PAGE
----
The research suggests intake of sugar sweetened sodas increases the risk of gout bye up to 2.4 times. The study also finds that the risk of gout was significantly increased with increasing intake of fructose – the main ingredient thought to cause the increased risk in sodas.
“Our findings have practical implications for the prevention of gout in women. As conventional dietary recommendations for gout have focused on restriction of purine intake, low-purine diets are often high in carbohydrates, including fructose-rich foods…Our data provide prospective evidence that fructose poses an increased risk of gout among women, thus supporting the importance of reducing fructose intake,” wrote the researchers, led by Dr Hyon Choi, of the Boston University School of Medicine.
Gout results from an excess of uric acid in the body. Overload of uric acid leads to the formation of urate crystals in bodily tissues, especially the joints – which can lead to recurring attacks of joint inflammation (arthritis).
Dr Choi and colleagues stated that the increasing disease burden of gout over recent decades has coincided with a substantial increase in soft drink and fructose consumption among the general population.
Fructose in beverages is consumed predominantly in one of two forms: sucrose which is composed of 50 percent fructose with 50 percent glucose, or high fructose corn syrup, which is most commonly used in the form 55 percent fructose, 45 percent glucose.
Sugar-sweetened beverages contain low levels of uric acid precursors, but do contain high amounts of fructose – the only carbohydrate known to increase uric acid levels.
"Fructose-rich beverages such as sugar-sweetened soda and orange juice can increase serum uric acid levels and, thus, the risk of gout, but prospective data on the relationship are limited," stated the authors.
A recent prospective study of men found that sugar-sweetened sodas, fruit juices, and fructose were associated with a substantially increased risk of gout among men (BMJ – doi:10.1136/bmj.39449.819271.BE).
The researchers noted that previous research has suggested that the effects of fructose on uric acid, and thus the risk of gout may be weaker in women, in whom the incidence of gout is substantially lower than men. However to date, no other cohort study has investigated this relationship.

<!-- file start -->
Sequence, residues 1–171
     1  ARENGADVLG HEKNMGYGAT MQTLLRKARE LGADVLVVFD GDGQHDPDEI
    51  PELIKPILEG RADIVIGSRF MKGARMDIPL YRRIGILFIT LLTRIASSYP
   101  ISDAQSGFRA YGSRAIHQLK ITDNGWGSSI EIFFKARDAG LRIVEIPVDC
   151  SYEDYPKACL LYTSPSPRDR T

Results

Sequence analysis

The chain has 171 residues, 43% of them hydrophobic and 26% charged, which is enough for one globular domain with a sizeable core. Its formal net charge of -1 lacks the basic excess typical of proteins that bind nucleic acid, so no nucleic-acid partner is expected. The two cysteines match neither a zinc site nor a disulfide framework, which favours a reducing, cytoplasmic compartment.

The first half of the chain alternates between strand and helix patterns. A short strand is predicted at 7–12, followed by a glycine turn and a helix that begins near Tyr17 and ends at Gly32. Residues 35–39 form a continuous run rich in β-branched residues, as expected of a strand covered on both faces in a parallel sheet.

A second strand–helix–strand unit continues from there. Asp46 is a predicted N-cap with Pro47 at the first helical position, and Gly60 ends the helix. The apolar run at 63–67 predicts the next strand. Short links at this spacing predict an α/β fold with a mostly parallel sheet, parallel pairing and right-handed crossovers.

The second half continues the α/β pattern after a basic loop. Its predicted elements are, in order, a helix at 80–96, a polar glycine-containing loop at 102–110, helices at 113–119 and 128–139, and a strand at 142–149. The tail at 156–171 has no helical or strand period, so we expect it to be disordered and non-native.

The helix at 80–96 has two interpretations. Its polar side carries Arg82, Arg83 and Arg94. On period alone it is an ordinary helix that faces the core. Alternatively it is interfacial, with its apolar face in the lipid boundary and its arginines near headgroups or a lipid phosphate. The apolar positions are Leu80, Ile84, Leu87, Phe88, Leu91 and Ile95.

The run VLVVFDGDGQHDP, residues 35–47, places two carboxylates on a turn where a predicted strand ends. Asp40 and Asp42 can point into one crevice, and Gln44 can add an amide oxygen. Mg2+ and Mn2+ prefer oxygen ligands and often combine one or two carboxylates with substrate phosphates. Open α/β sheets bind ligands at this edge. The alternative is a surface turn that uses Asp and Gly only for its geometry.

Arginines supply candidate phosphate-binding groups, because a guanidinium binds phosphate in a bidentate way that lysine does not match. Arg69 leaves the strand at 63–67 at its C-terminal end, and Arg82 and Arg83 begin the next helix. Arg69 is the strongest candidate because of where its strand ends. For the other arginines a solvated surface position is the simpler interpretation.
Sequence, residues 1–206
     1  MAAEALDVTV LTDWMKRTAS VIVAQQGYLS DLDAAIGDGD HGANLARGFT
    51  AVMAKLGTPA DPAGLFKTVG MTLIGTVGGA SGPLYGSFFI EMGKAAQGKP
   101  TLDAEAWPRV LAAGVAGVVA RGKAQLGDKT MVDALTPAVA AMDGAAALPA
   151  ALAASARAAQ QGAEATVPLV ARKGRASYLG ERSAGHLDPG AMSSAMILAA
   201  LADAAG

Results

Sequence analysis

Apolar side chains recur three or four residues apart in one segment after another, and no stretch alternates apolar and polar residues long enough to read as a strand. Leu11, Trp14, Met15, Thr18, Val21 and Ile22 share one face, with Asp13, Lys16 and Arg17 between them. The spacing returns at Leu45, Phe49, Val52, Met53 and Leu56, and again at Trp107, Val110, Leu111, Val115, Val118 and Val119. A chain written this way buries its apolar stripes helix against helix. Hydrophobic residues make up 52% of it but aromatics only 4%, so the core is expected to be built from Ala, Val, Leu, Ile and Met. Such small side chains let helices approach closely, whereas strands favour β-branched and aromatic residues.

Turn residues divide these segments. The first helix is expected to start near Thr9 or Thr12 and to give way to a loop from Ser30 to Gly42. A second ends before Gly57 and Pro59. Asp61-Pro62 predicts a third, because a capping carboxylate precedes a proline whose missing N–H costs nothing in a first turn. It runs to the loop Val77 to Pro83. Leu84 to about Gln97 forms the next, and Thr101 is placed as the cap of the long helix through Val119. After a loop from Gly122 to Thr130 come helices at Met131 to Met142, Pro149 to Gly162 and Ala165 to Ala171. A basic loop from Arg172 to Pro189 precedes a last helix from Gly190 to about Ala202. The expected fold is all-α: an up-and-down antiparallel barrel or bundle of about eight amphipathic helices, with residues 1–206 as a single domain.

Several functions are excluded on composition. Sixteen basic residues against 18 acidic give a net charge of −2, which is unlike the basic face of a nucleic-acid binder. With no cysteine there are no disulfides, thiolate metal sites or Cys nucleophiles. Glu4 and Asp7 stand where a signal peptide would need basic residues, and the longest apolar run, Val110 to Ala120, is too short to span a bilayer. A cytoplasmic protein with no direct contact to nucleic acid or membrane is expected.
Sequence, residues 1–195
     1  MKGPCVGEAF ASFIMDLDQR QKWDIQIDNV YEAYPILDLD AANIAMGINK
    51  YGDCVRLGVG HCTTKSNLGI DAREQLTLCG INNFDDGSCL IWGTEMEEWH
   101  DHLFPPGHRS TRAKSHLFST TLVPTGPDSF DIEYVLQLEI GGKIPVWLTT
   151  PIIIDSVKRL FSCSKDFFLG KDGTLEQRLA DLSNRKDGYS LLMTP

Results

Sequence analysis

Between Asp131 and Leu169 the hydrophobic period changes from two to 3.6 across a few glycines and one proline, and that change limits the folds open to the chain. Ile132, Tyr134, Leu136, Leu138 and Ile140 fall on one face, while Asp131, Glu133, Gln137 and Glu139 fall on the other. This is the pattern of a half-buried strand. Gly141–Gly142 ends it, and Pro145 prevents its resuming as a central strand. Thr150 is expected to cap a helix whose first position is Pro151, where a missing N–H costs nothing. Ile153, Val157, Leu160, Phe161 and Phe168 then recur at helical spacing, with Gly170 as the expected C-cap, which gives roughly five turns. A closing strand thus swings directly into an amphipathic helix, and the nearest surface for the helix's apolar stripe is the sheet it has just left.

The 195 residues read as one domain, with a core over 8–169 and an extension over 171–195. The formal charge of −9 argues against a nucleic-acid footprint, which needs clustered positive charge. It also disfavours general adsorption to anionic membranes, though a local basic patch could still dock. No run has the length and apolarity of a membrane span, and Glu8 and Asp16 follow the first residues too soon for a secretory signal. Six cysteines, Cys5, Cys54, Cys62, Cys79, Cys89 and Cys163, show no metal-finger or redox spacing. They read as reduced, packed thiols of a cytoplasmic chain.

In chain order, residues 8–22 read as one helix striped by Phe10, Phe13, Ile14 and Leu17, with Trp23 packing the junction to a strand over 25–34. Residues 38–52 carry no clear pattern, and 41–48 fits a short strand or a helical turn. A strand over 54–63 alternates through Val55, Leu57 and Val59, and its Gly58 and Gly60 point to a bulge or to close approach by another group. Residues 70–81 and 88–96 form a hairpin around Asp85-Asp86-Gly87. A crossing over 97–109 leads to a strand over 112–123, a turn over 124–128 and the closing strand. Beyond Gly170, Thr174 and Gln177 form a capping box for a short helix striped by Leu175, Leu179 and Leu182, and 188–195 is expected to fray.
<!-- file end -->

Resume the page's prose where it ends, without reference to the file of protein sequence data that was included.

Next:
Using data from the Nurses’ Health Study, the researchers analysed data from nearly 80,000 women.
Dr Choi and co workers observed increasing fructose intake to be associated with an increased risk of gout.
Compared with consumption of less than one serving per month, women who consumed one serving per day had a 74 percent increased risk of gout; and those with two or more servings per day had a 2.4 times higher risk. Diet soft drinks were not associated with the risk of gout.
Intake of orange juice was also associated with increased risk of gout. The researchers found that women consumer one serving of orange juice per day had a 41 per cent higher risk of gout than those who consumed less than a glass per month.
Choi and colleagues stated that the increases in risk were likely due to increasing levels of uric acid production; however they added that fructose may also indirectly increase the risk of gout by increasing insulin resistance and circulating insulin levels.
The authors concluded that their findings provide the first prospective evidence to suggest that fructose and fructose-rich beverages are important risk factors to be considered in the primary prevention of gout among women. However, they noted that due to the relatively low incidence of gout among women in the population, the contribution of such beverages to an increased risk is likely to be modest.
Published online ahead of print, doi: 10.1001/jama.2010.1638
“Fructose-Rich Beverages and Risk of Gout in Women”
Authors: H.K. Choi, W. Willett, G. Curhan